Date of this Version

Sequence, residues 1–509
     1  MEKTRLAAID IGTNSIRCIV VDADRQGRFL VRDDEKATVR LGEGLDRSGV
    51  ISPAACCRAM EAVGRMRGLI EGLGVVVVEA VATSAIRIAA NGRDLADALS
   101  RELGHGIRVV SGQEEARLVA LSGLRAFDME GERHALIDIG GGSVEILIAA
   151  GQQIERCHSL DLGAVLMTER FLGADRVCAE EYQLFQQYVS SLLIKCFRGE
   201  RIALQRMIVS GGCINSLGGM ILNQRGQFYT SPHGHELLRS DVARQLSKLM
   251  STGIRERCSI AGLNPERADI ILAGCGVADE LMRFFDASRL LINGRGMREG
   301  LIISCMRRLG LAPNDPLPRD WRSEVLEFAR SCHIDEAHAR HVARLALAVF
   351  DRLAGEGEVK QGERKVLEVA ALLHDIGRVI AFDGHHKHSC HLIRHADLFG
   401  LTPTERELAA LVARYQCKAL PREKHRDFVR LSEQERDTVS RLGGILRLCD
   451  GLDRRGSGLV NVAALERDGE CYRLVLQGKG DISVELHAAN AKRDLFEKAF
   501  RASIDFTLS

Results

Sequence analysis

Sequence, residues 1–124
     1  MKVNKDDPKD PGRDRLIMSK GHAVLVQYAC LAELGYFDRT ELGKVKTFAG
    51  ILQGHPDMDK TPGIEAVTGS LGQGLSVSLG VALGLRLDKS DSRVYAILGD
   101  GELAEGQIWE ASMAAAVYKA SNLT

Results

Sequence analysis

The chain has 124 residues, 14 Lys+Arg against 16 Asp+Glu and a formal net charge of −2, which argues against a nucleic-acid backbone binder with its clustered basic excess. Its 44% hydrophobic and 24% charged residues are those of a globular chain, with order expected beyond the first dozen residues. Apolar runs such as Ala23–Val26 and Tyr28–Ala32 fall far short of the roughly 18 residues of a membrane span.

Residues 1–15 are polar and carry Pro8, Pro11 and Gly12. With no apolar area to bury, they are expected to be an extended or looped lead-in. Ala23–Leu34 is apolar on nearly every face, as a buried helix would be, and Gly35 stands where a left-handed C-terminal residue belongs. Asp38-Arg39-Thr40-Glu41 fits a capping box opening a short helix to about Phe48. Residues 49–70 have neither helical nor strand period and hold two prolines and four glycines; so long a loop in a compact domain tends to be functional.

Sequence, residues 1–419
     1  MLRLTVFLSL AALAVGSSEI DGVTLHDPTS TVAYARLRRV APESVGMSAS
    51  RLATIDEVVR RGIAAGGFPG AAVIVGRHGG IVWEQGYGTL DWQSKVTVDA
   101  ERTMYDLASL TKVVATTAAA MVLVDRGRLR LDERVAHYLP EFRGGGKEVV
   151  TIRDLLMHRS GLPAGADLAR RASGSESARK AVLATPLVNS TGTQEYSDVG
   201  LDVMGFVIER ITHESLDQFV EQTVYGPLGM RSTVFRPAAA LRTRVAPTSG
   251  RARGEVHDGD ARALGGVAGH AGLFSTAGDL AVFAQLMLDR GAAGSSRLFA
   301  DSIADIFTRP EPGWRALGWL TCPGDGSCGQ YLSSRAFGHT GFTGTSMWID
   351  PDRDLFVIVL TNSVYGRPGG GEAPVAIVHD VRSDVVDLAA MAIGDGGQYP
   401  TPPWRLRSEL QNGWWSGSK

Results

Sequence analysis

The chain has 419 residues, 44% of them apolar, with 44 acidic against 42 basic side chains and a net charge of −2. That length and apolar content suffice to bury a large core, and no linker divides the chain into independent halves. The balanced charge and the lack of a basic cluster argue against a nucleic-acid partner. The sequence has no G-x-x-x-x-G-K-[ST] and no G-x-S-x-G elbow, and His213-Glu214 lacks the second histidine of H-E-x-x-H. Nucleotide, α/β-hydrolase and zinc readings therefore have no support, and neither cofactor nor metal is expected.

A stepwise approach was developed in 1993 to handle agricultural damage complaints caused by white-tailed deer (Odocoileus virginianus). Results from 2 seasons were evaluated to determine the effectiveness of the procedures implemented. Approximately half of the damage complaints received were handled by prescribing non-lethal techniques such as fencing, harassment, and repellents. The remainder of the complaints required 1 or more types of lethal control. Although doe harvest rates were similar under the 2 permit options, Damage Control Assistance Permits (DCAP) provided several distinct advantages over out of season shooting using Depredation Permits (DEPR). The DCAP permits increased hunting opportunity, eliminated the need for landowners to expend considerable time and effort shooting deer out of season, and fostered a cooperative relationship between landowners and hunters. Recipients of DCAP tags tended to continue with the program, thereby providing longterm control.